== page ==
Virus Experts Just Gave This Pressing New Warning to Boosted People
The U.S. could be on the verge of another major COVID surge.
More than two years into the pandemic, there is still so much uncertainty for what the future holds. For a while, it felt like a safe bet that 2022 would be our last year with rampant COVID, as most mask mandates and vaccine requirements were lifted across the U.S. But many of these decisions were made when COVID numbers were rapidly declining earlier this year. Now, they're back on the rise once again. In just the last week alone, infections increased by more than 21 percent and hospitalizations went up by over 16 percent, according to the Centers for Disease Control and Prevention (CDC).
During an April 26 interview with PBS NewsHour, top White House COVID adviser Anthony Fauci, MD, said that the U.S. was exiting out of the pandemic phase. But he quickly clarified his comments in a follow-up interview with The Washington Post, explaining that while the country is certainly not out of the pandemic, we are "out of the full-blown explosive pandemic phase."
"We're really in a transitional phase, from a deceleration of the numbers into hopefully a more controlled phase and endemicity," Fauci told the newspaper on April 27. According to the infectious disease expert, this means that while the U.S. could still see new waves of infections, experts are hopeful that there is now enough immunity from previous infections and vaccinations to avoid another major COVID surge in the country.
But not all experts are so convinced. In fact, one White House official—who asked to remain anonymous—told The Washington Post on May 6 that the Biden administration is currently preparing for another potential surge in the fall, likely driven by new Omicron subvariants that will spread through the U.S. at a time in which many people will have waning immunity against infection. According to the official, they are projecting that 100 million Americans could get infected with COVID this fall or winter.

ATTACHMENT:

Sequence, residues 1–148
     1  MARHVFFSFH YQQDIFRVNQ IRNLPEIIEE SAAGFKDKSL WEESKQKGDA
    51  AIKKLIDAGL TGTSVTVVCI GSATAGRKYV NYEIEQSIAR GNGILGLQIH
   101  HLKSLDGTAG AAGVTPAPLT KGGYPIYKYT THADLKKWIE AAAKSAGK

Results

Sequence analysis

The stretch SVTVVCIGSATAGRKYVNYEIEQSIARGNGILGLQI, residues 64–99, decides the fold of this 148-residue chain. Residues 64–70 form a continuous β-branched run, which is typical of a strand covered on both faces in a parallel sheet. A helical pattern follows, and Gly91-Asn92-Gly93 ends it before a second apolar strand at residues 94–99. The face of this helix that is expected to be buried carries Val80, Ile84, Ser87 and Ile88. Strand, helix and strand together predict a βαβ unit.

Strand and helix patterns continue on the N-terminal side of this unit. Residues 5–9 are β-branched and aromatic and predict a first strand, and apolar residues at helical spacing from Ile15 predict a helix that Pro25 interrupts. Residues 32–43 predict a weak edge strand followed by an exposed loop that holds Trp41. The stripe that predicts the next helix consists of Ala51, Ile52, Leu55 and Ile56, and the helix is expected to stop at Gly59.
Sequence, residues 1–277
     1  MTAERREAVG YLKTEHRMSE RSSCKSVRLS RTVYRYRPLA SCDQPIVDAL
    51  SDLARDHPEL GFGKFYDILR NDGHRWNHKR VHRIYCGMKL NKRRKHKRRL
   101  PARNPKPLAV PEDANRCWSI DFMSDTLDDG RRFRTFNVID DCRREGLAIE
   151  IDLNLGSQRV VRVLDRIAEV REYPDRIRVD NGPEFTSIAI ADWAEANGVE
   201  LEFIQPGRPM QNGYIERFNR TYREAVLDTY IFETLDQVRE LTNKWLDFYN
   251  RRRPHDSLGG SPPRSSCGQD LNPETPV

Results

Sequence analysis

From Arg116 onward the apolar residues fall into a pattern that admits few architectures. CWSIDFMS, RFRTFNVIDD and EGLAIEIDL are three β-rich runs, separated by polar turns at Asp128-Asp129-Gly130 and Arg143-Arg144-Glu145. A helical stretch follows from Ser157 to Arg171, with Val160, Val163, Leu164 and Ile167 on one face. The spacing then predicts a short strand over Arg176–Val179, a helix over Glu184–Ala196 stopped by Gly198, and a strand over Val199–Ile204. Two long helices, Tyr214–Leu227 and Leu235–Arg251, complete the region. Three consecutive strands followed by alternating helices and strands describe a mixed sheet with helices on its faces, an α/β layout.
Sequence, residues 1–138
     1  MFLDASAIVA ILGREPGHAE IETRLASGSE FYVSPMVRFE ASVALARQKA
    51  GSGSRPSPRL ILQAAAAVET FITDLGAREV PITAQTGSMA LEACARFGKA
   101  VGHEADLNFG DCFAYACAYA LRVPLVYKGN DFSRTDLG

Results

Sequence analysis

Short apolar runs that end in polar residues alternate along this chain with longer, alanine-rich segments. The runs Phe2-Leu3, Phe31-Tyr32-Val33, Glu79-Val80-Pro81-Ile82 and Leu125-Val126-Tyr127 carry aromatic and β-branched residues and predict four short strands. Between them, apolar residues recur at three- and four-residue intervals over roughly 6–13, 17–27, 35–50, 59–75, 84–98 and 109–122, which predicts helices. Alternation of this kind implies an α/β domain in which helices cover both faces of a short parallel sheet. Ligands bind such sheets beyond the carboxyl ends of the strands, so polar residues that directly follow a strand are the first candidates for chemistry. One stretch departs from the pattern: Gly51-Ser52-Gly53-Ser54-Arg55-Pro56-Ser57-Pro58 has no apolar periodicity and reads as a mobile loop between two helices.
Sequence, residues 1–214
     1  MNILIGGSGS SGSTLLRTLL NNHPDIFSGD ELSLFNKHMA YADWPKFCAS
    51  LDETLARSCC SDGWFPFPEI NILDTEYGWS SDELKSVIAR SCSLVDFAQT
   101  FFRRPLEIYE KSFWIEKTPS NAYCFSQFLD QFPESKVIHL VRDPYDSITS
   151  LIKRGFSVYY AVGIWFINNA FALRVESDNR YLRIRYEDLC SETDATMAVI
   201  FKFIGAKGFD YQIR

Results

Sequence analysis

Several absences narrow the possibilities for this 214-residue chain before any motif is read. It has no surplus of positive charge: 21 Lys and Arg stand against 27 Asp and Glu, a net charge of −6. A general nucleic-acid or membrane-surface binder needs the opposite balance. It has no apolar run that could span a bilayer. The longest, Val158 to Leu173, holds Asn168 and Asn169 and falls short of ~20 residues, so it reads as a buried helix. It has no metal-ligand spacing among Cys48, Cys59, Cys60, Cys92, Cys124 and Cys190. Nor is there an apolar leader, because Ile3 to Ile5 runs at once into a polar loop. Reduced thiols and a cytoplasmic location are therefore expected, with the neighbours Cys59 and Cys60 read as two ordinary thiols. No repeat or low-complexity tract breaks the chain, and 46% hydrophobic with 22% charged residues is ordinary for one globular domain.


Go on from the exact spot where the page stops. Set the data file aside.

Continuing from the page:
"After all, COVID-19 transmission over the past two years has tended to be lower in warmer months before increasing later in the year, and waning immunity in the population may also exacerbate the possibility of another wave of transmission," the experts at GlobalData Healthcare said.
To avoid this, some experts are warning that boosted individuals already up-to-date on their shots may need a fourth COVID vaccine dose. Some of us are already eligible, in fact. In the U.S., the CDC and Food and Drug Administration (FDA) have already approved a second booster for adults 50 and older. "With cases increasing, if you are eligible, now is the time to get that second booster dose," Sarah Moyer, MD, a public health expert and director of Louisville Metro Department of Public Health and Wellness, said in a statement.
According to GlobalData Healthcare, preliminary data from a study of more than 2,600 patients hospitalized with severe COVID across 14 medical centers in Israel during Omicron's surge shows that those given a fourth shot had a 49 percent lower chance of having a poorer outcome than those who had last gotten their third shot five months before they were diagnosed with COVID.
"While the study design made it difficult to determine if the additional booster dose reduces the severity of COVID-19, it does suggest that a fourth dose may improve clinical outcomes and subsequently have the potential to reduce the number of hospitalizations and deaths," the experts said. "As such, an additional round of booster vaccinations may be an appropriate response to uphold the current trends that have sparked assertions of an end to the pandemic phase of COVID-19."
Another recent study out of the U.K. had positive findings for a second booster dose as well. Nearly 200 participants for this study were given either a fourth shot of Pfizer or Moderna, and the researchers found that the booster generated an immune response two weeks after that was higher than the response generated 28 days after a third dose. "Fourth-dose COVID-19 mRNA booster vaccines are well tolerated and boost cellular and humoral immunity," the study says. "Peak responses after the fourth dose were similar to, and possibly better than, peak responses after the third dose."